Submitted by Sari Holtz | Last date of travel: July 2016
Planning a family vacation for 19 people isn’t easy. From finding a place that could accommodate everyone comfortably, fit everyone’s budget and have activities for a wide range of ages, planning the trip was certainly a challenge, as well as an adventure. We finally settled on a trip to Belize to enjoy the secluded, natural scenery of the jungle and historic and cultural richness that is unique to the area.
Belize is a country of only about 350,000 people and there are no Jewish communities there – not even Chabad. So while I had read that there is some kosher food available, I worried about where and how we’d feed our large brood three square meals a day. I was also concerned about the actual food preparation, as I really didn’t want to spent all my time in the kitchen during our vacation. And so, I emailed 20 jungle lodges in the Belizean jungle and inquired about the possibility of getting assistance with our kosher needs.
Of all the places I contacted, I only got one positive response, from Sharyn Brinker at the Mariposa Jungle Lodge. Sharyn’s lodge was the perfect accommodation for our group, as it has 6 spacious lodges, and we needed most of them. She was willing to close off the last lodge and allow us to kasher the kitchen, where her talented staff could then prepare delicious, fresh kosher food for us with locally sourced ingredients. Having grown up in New York, Sharyn was even familiar with the basic idea of kashrut and she was able to send me a list of what items she could purchase with an OU on it. She also sent me a list of the fruits and vegetables that were in season in July in Belize. Armed with this information, we worked together to create an extensive menu that would satisfy both children and adults, including soups, salads, freshly-baked tortillas and unique local dishes. Sharyn purchased a new set of dishes for us, and we supplemented with a soup pot that we brought in our suitcase.
We had planned to bring some USDA approved meat and cheese with us, as well as convenient snacks like crackers, but 7 of our suitcases got lost on route, which included the majority of this food (and clothing for 6 people!). Sharyn jumped into action, helping us purchase additional kosher products and produce (and to find modest clothing at local roadside shops, as big business doesn’t exist in the Belizean jungle). Armed with our purchases, we updated our menu and Esau, the lodge’s chef, prepared 3 wonderful vegetarian Shabbat meals for us. (Our suitcases eventually arrived but by that point we were already comfortable with the local food, and didn’t even miss all of the processed food we’d brought).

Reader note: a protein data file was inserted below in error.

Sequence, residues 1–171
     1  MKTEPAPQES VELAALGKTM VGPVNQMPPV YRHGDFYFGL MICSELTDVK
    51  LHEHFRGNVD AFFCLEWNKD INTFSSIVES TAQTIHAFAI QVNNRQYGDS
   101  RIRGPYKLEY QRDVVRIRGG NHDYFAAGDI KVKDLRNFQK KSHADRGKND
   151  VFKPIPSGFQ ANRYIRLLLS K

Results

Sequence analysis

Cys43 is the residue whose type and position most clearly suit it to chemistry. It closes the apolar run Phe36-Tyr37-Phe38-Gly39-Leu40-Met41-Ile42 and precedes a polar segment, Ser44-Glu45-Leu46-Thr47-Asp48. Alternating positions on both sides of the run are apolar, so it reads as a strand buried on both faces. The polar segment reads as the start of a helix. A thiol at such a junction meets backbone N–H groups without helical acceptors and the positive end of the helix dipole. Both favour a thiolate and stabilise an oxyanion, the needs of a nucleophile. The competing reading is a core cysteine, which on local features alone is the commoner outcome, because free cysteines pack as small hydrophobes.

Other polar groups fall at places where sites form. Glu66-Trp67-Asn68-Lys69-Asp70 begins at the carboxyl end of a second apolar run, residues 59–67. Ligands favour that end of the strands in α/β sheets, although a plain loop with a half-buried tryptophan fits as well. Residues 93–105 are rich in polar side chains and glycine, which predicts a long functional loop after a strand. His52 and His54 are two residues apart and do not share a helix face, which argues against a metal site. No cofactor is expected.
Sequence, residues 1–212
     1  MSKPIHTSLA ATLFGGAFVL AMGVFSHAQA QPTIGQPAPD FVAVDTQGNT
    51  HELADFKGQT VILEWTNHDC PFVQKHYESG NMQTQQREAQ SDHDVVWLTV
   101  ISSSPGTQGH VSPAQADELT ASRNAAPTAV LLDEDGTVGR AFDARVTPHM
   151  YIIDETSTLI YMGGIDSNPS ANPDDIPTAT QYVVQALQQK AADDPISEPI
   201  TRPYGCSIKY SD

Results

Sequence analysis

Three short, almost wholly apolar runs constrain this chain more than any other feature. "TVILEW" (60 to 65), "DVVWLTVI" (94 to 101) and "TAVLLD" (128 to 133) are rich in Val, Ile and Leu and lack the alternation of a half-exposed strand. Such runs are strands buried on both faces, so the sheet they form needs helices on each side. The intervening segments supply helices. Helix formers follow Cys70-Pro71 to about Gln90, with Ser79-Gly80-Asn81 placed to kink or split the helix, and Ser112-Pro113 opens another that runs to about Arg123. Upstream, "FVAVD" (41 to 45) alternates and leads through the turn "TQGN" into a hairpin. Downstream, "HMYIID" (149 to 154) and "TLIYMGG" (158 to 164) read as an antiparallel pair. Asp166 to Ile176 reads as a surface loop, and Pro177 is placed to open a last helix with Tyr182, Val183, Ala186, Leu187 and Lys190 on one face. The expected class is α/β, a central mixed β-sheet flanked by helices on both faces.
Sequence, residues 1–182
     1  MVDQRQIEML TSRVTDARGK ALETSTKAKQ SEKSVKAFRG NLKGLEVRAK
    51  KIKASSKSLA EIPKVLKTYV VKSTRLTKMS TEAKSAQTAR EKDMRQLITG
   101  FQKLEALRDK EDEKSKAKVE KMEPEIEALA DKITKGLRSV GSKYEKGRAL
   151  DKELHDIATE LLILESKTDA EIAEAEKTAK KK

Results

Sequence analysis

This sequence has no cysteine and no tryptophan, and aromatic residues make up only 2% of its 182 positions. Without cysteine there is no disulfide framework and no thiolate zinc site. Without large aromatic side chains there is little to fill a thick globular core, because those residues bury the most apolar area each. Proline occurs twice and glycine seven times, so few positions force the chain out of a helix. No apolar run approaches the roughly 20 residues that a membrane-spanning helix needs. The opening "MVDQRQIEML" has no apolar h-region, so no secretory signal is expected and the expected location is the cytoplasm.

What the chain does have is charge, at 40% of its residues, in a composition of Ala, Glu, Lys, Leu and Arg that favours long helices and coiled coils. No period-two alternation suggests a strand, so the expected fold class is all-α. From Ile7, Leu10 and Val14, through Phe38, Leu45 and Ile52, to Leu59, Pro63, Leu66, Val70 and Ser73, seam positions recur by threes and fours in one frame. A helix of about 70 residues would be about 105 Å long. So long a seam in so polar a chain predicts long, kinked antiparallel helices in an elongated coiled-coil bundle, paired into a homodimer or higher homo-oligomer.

Over the course of the trip, we discovered kosher frozen bagels at Sharyn’s favorite convenience store, as well as the absolutely fabulous fresh pineapple that is sold by locals on the side of the road. They will cut it for you and put it in a bag, so you can literally eat it like candy (of course, you can also buy it whole for the same price). We also enjoyed the locally-grown cho-cho vegetable, which can be prepared as a salty vegetable or as a sweet dessert.
Belize is a rather undeveloped country, but an extremely beautiful one. There are literally dozens of activities to do in the jungle area, including multiple Mayan ruins, cave exploring, canoeing, hiking, swimming in rivers (with waterfalls!), horseback riding, ziplining and so much more. (It may be worth mentioning that we made the journey from the jungle to the beach to go snorkeling, and it was also fantastic, and highly worthwhile).
As the only Central American country that has English as its first language and one of the only countries in the region without Zika virus, Belize can be a great option for kosher travelers, including those on a budget and those looking for a family getaway with a larger group.